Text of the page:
America must stop vilifying Columbus
The 15th century began the Age of Exploration. The explorers were extraordinary men, daring, and capable of miraculous as-well-as monstrous deeds. Francisco Pizarro executed the last Inca emperor. Hernán Cortés conquered the Aztec Empire in Mexico. And they, like Christopher Columbus before them, were men of their times. They were lionized for their successes without any question of their tactics or motives until very recently. Yet, I think we can all agree that these brave men had a profound impact on the history of North and Central America.
There are some who would take down the statue of Columbus in the City of Buffalo. I suggest that we need not rewrite history in that manner; we should, however, learn from it. I believe that it is time to stop vilifying Columbus. He is merely a historical figure, but he has evolved into so much more. He is the symbol of Italian-American heritage throughout the United States. His statue represents all that is good in our Italian communities and all the contributions and sacrifices made by countless Italian-Americans.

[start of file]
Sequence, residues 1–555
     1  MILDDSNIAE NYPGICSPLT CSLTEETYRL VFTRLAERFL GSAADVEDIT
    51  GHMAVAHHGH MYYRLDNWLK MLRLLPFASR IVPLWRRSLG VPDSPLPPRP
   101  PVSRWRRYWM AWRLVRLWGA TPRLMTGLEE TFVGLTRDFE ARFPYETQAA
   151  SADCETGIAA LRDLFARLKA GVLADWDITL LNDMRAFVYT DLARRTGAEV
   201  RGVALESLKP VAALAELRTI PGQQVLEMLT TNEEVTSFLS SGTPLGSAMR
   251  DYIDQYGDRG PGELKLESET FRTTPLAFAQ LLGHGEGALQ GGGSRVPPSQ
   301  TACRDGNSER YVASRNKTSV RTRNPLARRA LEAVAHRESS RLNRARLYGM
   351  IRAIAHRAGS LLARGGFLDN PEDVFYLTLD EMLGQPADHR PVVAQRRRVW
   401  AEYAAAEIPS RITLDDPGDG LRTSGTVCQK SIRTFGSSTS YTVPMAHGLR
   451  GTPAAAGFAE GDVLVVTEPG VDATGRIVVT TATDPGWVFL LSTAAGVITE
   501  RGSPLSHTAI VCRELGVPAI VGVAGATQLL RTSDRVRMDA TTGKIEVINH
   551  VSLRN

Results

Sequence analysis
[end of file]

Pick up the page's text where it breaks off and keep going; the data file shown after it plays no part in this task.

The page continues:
Oct. 12 is Columbus Day, a national holiday. Italians hold that day quite dear. Native Americans would like to rename Columbus Day.
I have both affection and respect for our Native American brothers and sisters. On Aug. 3, 1990, President George H.W. Bush proclaimed November as Native American Indian Heritage Month. On Nov. 24, we will celebrate Native American Heritage Day in the United States. Native Americans have been recognized and honored with an entire month and a day. What happened in the distant past should not diminish the pride that Italians attach to Columbus Day.
Suzanne E. D’Amato, Ph.D.